The EP format holds many challenges; it’s often a tempting escape for bands that mistake frequency of publication for quality. However, it also holds great potential for those who know how to wield it. Just like the 140 characters tweet, the shorter format of an EP often leads one to greater creativity, a distillation of force and purpose. When a good band releases an EP it can often give their music that necessary, final push into greatness. So it is with Ebonivory, a band whose sound is so emblematically Australian that you really don’t need me to geo-locate them. More than that, they also have a good album from 2015, The Only Constant. But, a year after it, they’ve released an EP titled Ebonivory II which completely transcends it, providing their music the focus and momentum it needed in order to truly transcend.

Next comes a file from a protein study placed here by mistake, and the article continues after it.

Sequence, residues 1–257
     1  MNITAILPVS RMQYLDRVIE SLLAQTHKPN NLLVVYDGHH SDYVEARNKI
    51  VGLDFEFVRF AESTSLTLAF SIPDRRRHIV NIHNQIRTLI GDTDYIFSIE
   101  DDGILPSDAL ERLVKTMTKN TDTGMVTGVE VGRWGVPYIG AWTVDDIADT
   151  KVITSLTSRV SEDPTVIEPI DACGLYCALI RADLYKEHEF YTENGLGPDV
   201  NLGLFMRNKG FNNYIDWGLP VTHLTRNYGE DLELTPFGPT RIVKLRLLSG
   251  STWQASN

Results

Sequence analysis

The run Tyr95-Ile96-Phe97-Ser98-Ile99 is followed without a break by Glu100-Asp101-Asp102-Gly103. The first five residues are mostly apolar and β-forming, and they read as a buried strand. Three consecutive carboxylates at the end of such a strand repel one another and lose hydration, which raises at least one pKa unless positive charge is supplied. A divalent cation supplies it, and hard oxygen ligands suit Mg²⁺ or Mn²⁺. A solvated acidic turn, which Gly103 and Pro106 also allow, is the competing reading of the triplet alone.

In true soap-opera-that-outlived-its-course fashion, we’re replacing the actor who plays the part of Eden with David Wu of Cyborg Octopus! Yeah, he’s been here before, exactly 10 episodes ago!First, we talk about how artists feel about criticism, delve into the creative process a bit, and while we cover some of the same ground we did before, we end up in a different place! Then, we do the news, talking about Oathbearer, An Endless Sporadic, Metallica, Dance Gavin Dance, The Depression Sessions (The Acacia Strain, Thy Art Is Murder, Fit For An Autopsy), Virvum, Ninjaspy and Devin Townsend. Also, check David’s new channel he alluded to last time, RiffShop!